Well, you can get a fair idea by going to a recently released website, “Mapping Health and Wellbeing Boards’ priorities”.
The idea is that you click anywhere on the map and find out what local NHS and local government care systems are up to. As the home page says, “By selecting a theme, for example smoking or healthy living, the map will highlight all areas citing it as one of their health and wellbeing priorities…”
Try it for your locality and see what comes up.
So what are these “Health and Wellbeing Boards?” I hear you say. A couple of years ago the government made far-reaching changes in health and care organisation, so that now, everything to do with health and social care is run by these boards. Important stuff! The idea was to bring everything together under one roof, as it were…
And how is it doing? According to the prestigious King’s Fund, rather well. In October 2013 they wrote, “Our survey suggests that, overall, the new boards have generally made a positive and encouraging beginning.” So far, so good. But here’s a thing. “Health and wellbeing” very often seems to boil down to how we’re all doing physically: smoking, alcohol consumption, exercise (or lack of it), etc. Life expectancy in the UK has certainly risen significantly in recent years, from 71.13 years in 1960, to 75.88 in 1990, up to 80.75 in 2011. Not bad in fifty years!
But is physical health all there is to be said about “wellbeing”? Although the “Mapping” website focuses almost completely on this dimension, health experts seem to think that the two are not the same thing – “health” is in fact just a part of the broader “wellbeing”. As far back as 1946, the World Health Organisation defined health as “a state of complete physical, mental and social wellbeing and not merely the absence of disease or infirmity.” That sounds more than just physical!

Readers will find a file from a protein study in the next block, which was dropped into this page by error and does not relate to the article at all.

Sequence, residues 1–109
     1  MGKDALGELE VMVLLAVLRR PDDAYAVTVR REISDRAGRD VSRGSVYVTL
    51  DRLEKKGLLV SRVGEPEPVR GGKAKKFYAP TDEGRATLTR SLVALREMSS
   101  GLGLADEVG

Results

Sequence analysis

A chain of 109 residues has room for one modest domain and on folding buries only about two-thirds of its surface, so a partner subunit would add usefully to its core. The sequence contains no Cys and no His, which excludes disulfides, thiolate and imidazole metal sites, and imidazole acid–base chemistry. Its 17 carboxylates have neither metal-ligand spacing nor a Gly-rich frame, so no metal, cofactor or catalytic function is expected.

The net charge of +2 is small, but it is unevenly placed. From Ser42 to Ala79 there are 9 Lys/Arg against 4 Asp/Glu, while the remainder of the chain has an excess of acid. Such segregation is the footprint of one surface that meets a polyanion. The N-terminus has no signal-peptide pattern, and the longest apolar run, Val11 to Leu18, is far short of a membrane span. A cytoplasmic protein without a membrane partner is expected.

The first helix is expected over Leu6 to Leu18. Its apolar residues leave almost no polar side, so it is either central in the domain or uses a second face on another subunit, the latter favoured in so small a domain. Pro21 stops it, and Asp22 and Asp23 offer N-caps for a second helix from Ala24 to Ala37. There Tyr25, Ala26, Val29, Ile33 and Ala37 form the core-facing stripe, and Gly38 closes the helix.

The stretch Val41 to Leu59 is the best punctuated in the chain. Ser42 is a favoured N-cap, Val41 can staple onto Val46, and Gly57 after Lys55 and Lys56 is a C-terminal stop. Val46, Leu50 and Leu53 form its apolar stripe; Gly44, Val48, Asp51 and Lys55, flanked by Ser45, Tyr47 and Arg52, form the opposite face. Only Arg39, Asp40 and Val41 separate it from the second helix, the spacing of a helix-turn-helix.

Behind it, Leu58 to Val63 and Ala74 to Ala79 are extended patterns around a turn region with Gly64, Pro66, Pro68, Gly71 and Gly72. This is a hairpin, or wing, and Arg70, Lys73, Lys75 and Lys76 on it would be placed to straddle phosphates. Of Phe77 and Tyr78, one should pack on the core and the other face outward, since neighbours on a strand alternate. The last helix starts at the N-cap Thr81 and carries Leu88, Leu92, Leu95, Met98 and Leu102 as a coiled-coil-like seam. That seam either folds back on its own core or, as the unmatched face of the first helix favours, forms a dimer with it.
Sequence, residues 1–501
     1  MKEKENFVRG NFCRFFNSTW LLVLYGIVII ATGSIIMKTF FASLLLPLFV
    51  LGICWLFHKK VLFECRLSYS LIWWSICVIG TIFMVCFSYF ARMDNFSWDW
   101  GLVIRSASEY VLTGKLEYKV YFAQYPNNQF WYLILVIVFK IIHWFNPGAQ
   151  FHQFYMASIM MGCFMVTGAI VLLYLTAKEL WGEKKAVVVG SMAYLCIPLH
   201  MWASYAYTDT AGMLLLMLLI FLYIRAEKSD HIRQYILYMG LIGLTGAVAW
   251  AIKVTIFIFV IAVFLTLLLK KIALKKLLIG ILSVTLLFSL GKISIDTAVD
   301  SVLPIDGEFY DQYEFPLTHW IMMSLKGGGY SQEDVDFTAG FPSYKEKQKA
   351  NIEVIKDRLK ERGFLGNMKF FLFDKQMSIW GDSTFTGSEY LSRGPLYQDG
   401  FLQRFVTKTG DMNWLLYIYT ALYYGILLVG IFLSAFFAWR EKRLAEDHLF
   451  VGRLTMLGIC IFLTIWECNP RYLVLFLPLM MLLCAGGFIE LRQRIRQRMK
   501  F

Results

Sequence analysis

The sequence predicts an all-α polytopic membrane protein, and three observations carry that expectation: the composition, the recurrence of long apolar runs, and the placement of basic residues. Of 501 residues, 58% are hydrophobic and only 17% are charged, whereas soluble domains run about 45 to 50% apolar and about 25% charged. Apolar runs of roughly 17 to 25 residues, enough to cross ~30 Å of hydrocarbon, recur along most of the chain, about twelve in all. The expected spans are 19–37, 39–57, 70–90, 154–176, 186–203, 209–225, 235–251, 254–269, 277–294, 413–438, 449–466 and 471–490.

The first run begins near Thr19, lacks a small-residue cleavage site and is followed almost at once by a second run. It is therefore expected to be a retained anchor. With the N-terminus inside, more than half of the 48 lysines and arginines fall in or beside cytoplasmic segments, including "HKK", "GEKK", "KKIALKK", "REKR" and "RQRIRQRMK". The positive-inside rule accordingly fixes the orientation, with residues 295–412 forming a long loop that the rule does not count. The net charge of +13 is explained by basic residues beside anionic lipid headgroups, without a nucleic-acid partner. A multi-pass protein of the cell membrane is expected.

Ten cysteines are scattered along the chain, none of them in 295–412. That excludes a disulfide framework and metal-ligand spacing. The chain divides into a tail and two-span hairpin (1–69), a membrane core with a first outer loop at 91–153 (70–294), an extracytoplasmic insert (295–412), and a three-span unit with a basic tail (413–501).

Many of the diseases we endure today are not simply down to physical causes (compared with the infections of yesteryear), but have a lot to do with our lifestyles (think obesity, heart disease, diabetes, depression). Our bodies show the symptoms, but our minds, emotions and spirits are grappling with the causes: anxiety, stress, and disorientation. These are related to how we live our lives, conduct our relationships, grapple with our jobs, and wonder what our lives are all about! Is it enough to focus on our bodies, or should we be better at engaging our hearts and minds?
Unfortunately this link no longer works | last attempt on 24 January 2018